The United States Drug Enforcement Agency (DEA), and Nigeria’s National Drug Law Enforcement Agency (NDLEA) have signed a Memorandum of Understanding (MoU) to strengthen the war on drug trafficking, boost intelligence sharing and improve coordination between the two countries.
According to Buba Marwa, the NDLEA Chairman, the Nigerian government has been partnering with the US government in training and providing operational equipment and logistics to strengthen efforts in stopping inflow and outflow of illegal drugs.
“But we still need more of such assistance to ensure we go after the criminals and in a hard way,” Marwa said.
“We will be hard against drug criminals. We will be serious. We are going to rid this country of the illicit drugs trade, trafficking and consumption.”
“But in carrying out this onerous task, I will take this opportunity to seek for more of your support for the agency to enable us to move faster.”
“I must thank the US government for all the support NDLEA has received through the years,” he added.
The US Mission also reiterated the importance of the partnership saying, “Proud to partner with @ndlea_nigeria in combating the scourge of illegal drugs”.
“The MOU signed between the NDLEA & U.S. Drug Enforcement Admin. will aid to bolster intelligence sharing, provide expertise & greater coordination to bring drug trafficking organizations to justice,” the Mission wrote on Twitter.
Mary Beth Leonard, the US Ambassador to Nigeria also spoke on the history between Nigeria and the US in terms of the partnership, saying she looked forward to furthering the agendas of both countries, and NDLEA’s immediate plans for the future.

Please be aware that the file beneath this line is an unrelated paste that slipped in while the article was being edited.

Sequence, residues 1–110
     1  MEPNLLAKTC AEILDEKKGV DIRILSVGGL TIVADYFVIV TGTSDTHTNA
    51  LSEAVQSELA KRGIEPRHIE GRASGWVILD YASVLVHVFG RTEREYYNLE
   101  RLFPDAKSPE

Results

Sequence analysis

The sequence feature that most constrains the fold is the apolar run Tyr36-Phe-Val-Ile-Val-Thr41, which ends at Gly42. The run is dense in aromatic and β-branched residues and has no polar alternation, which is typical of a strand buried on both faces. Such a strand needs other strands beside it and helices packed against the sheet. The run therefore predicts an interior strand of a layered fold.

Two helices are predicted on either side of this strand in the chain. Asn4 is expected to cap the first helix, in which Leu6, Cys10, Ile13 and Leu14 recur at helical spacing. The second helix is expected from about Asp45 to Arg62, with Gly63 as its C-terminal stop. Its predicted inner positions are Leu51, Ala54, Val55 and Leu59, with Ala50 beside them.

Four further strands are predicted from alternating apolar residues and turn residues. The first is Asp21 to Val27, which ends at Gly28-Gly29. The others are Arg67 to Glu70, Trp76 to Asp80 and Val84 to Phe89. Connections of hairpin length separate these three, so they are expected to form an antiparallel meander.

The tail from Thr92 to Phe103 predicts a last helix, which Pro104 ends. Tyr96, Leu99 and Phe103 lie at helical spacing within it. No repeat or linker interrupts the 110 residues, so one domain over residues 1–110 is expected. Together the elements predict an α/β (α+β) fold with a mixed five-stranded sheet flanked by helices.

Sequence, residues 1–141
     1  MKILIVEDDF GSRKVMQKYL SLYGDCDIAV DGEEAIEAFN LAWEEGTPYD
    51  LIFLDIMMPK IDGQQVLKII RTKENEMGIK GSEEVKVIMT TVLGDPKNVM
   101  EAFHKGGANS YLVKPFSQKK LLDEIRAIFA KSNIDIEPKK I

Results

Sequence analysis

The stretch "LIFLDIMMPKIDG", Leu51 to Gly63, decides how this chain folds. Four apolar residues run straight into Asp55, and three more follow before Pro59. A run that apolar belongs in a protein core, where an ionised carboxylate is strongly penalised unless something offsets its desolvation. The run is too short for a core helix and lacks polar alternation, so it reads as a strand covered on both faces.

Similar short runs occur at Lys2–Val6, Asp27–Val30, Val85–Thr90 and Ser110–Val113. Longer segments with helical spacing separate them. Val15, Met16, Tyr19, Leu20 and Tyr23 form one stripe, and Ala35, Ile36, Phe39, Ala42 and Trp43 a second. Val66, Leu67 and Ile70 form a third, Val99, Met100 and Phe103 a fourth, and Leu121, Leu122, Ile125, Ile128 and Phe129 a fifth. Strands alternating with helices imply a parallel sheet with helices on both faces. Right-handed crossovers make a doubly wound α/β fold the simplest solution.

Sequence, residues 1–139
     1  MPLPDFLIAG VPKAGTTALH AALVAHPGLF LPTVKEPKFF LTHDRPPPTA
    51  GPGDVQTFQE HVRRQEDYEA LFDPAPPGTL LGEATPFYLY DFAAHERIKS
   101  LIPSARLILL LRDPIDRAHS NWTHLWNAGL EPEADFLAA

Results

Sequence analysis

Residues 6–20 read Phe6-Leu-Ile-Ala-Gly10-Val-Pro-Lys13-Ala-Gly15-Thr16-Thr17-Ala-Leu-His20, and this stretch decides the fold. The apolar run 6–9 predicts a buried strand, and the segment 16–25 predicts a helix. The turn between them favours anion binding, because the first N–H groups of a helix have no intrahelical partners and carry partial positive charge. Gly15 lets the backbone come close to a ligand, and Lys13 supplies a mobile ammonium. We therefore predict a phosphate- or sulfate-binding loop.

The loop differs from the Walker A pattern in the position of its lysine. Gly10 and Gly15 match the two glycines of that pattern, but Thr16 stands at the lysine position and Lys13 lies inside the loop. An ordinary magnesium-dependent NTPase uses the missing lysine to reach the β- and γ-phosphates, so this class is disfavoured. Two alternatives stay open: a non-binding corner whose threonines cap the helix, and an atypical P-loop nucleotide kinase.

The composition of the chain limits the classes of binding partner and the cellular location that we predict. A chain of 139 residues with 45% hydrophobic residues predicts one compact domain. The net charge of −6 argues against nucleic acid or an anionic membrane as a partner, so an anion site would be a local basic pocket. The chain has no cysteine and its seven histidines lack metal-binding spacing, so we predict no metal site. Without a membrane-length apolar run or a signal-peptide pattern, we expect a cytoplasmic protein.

“We also like to know your priority, present and future direction of the agency under your leadership,” Leonard told Marwa during the signing of the MoU.
“ We have a long history of a relationship. It was great to get an assessment of the situation on the ground and know how to move the relationship forward,” she added.
In 2018, the NDLEA arrested 4, 736 persons for suspected involvement in drug trafficking between January and August that year. Of the number, 4, 395 were male while 341 were female, according to a publication on its website.
It also intercepted 80.73 tonnes of drugs within the same period.
According to the report, Cannabis sativa, also known as wee-wee, the only drug crop cultivated in Nigeria accounted for 59.2 tons of the total drug seizures while Methamphetamine which is fast gaining currency in local production accounted for 119.37 kilograms.
It said Tramadol and cough syrup with codeine, the two pharmaceutical drugs of abuse accounted for 16.969 tons and 7.973.5 metric tons, respectively.